Canada is one of the best countries in the world to get an education. However, there are many things about the Great White North that you may not know! Today, we’re counting down 7 surprising Canadian facts you probably weren’t aware of.
1. This famous Canadian interjection is an actual word in the Oxford English Dictionary. The definition is “an exclamation used to represent a sound made in speech, especially one used to express inquiry, surprise, or to elicit agreement.” Pretty cool way to kick off our list of Canada facts, eh?!
2. Superman may be known as the great American hero, but his origins lie in the Great White North. Canadian comic book artist Joe Shuster created the famous DC Comics character with writer Jerry Siegel in the 1930s while the pair were still in high school. The pair eventually sold their comic strip to Detective Comics Inc. (which later became DC Comics) for $130 USD. Superman made his comic book debut on April 18, 1938, in Action Comics #1, a series that continues to be published to this day.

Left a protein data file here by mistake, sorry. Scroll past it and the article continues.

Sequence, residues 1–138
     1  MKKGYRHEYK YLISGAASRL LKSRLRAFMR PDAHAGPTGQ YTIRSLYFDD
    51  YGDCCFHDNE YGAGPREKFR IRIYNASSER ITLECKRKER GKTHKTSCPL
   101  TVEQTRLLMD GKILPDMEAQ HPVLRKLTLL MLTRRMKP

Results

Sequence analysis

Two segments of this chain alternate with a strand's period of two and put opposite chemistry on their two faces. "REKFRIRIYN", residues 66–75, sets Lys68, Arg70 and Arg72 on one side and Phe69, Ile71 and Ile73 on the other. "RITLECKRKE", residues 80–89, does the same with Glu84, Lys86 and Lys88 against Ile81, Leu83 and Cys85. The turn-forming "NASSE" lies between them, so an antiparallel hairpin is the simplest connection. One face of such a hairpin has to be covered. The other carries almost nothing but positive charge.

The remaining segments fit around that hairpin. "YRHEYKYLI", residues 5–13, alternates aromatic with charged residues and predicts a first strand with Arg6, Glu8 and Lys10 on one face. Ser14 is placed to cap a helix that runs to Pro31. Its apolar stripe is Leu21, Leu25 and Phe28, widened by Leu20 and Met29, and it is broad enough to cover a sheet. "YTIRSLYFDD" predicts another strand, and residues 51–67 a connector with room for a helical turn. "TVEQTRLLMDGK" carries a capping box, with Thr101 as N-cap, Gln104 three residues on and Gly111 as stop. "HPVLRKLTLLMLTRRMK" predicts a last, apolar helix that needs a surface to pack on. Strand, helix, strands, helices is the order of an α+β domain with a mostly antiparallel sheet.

3. Well, sort of. In the Hudson Bay region, the average resident weighs a tenth of an ounce less than they would anywhere else. Why? Well, it all goes back to the last ice age, which ended over 11,000 years ago. During this period, much of Canada was covered by a giant glacier called the Laurentide Ice Sheet. Ice is really heavy, so when the ice began to melt about 21,000 years ago, the Earth underneath it began to slowly spring back. However, the Hudson Bay region is still deformed to this day and so has less mass than it should. Less mass means less gravity, which explains why you’ll weigh just a little bit less if you set foot in this part of Canada.
4. Canada is internationally recognized as a multicultural nation and that’s not just due to good marketing. According to Statistics Canada, nearly 7 million Canadians were born in a different country (for context, Canada’s population was 37.06 million as of 2018). This makes Canada the most diverse country among G8 nations! The majority of Canada’s foreign-born population live in Ontario, British Columbia, Quebec, and Alberta.